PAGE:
Now to tie all this in. The truth…the truth about lying is that it’s everywhere. It’s as pervasive to the experience of life as sunshine. Little or big it’s a nearly daily endeavor. The key to it, similar to a day spent at the beach, is to apply “sunscreen” as often and liberally as possible. We owe it to ourselves, to our children (if you should happen to have any), to understand that as often as we’re sold an honest bill-of-goods there’s an equally likely chance that what we’re hearing, what we’re seeing, is a total load of shit. At the end of the day the best that can be hoped for is a home environment built on the principles of trust and honesty while simultaneously trying to foster that in the world outside the one we spend with those around us. Keep in mind that not everyone is hip to or a fan of this idea and as the saying goes, learn to take things “with a grain of salt.”

Mistakes

“It’s the code you added sir…the reveries…it has some…”

“Mistakes…it’s the word you’re too embarrassed to use, you ought not be you’re a product of them, a trillion of them. Evolution forged the entirety of sentient life on this planet using only one tool…mistake.”

This small, beautifully written dialogue is an excerpt from what has become a bit of a television obsession of mine – West World. In this scene between characters played respectively by Jeffrey Wright and Anthony Hopkins they are discussing an issue that has arisen in their place of work; an adult fantasy world in which wealthy, paying guests can inundate themselves in a recreated American wild west. Full of the classic story lines of that era: cowboys, Indians, booze and sex. People enter this world to immediately find themselves the “guests” of this life-like reality. A caveat exists though, the ‘people’ inhabiting the land ‘guests’ are visiting are not in fact real people but rather extremely advanced robotic organisms.

In lieu of rambling on about the show (something I highly recommend people watch) I wanted to take a moment to discuss the topic of mistakes. I specifically want to begin by defining what they are in my own words. It’s true, on the surface I appear to be lacking the conceptualized credentials of Mr. Hopkins character Dr. Ford. With a background rooted deep in the fields of engineering, mathematics, evolutionary biology, genetics, psychology and perhaps even anthropology he is no doubt a learned man. My experience and expertise lie rather in the field of failure. In this venture I am as clever as any tech start up genius.

Mistakes exist in various forms and are open to interpretation. Their identity has the potential to change over time. In essence they live along the same timeline as any person’s lifespan. In fact, I’d argue that they’re exactly what’s at the heart of Murphy’s Law which states – ‘anything that can happen, will happen.’ The correct and incorrect happen simultaneously and are the end result of chance and choice…probability and programming…or whatever else you’d like to call it. It’s difficult to pinpoint what state of form the correct or incorrect (mistakes) exist in but if I were to pull something out of my ass I’d say decisions that are accurate/positive in nature are like a straight line moving forward and/or upward in space; whereas mistakes are like loops that force a person either backward to the point the error occurred or even potentially further back in time.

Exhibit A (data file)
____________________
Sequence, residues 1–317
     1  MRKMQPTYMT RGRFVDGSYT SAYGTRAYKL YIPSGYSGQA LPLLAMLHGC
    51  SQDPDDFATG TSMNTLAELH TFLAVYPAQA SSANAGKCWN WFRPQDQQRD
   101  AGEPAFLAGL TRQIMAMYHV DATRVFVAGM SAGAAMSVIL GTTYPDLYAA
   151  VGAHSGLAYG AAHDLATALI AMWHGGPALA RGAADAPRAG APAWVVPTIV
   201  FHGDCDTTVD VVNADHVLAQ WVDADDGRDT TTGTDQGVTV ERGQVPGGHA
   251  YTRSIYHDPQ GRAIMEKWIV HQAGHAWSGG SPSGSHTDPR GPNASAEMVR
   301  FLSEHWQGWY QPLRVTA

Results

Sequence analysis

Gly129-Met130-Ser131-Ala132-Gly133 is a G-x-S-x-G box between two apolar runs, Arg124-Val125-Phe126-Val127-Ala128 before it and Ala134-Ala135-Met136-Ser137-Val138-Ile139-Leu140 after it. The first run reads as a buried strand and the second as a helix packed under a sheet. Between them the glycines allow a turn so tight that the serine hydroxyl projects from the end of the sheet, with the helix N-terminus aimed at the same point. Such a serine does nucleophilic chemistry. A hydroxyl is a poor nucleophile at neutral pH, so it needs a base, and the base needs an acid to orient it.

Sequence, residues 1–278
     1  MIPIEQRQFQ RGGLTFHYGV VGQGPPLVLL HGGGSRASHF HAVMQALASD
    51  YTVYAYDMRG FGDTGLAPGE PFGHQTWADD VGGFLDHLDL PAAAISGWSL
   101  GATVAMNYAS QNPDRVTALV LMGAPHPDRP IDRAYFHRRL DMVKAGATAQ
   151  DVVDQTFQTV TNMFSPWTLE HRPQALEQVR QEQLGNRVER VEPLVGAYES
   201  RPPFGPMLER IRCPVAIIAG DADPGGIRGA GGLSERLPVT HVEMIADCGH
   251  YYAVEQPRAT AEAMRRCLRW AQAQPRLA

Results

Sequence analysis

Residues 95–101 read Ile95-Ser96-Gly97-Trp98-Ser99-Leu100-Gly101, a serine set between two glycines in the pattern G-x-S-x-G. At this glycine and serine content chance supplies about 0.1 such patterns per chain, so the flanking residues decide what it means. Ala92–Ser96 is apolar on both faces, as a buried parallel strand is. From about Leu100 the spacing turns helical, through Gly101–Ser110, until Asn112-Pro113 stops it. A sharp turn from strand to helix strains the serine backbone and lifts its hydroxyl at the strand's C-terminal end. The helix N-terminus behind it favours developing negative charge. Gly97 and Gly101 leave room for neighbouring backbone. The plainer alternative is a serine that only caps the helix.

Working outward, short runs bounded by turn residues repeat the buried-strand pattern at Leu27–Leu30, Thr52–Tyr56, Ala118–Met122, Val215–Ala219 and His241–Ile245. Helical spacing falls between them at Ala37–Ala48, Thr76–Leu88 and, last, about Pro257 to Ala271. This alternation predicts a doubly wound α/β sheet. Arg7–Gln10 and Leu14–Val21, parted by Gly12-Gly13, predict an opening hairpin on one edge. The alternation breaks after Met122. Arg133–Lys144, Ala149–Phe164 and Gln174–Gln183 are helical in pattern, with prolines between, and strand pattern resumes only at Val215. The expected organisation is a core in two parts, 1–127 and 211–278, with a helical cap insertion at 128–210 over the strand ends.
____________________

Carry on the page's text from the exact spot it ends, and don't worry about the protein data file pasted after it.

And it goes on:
As the mysterious doctor pointed out they are a necessity of life but to the degree and frequency of their nature they can (and do) occur….to this point I draw objection. The newly fashioned idea that mistakes happen so that we may learn is misleading. The idea of learning ‘after the fact’ is a premise that is just as guilty of inviting error into play as having no desirable concern for the outcome at all. The crippling effect of this mindset is that it gives leeway to the credence (excuse) that mistake is unavoidable, natural and should not have its validity challenged as part of the everyday experience. As someone whose failed countless times in countless ways throughout their life I believe this is a most dangerous social experiment.

Perfection is not the goal or endgame. We should not be inflexible to the variables, that which can’t be seen or is uncontrollable. What our aim should be is to encourage intense observation, open and free dialogue and the ability for development beyond todays socially acceptable standards. Explosive growth of the mind and other abilities is not the desired outcome. Any type that resembles that is a cause for concern as its potential to be metaphorically cancerous is very real. No, what I am seeking is a society built on the premise that mistakes should be a continual point of contention in that they should occupy a healthy percent of our days.

There is this fear, particularly in America, of failing and in order to cope with this we have evoked a number of responses; denial and suppression are a pair that immediately come to mind but the two most dangerous have to be acceptance and intolerance. It’s these two extremes that lead to more problems than almost any of the challenges life throws at us. My solution is simple, make it a small part of our daily routine to examine both our own mistakes as well as those of others. Make it an exercise of analysis not of pure judgement. Find out why something was done, the history before the incident and the recourse afterward. The gift of critical thinking is a present we owe to ourselves as well as to those who come after us. Ultimately because something like mistakes happen don’t mean they should be left alone…some sleeping dogs aren’t meant to lie.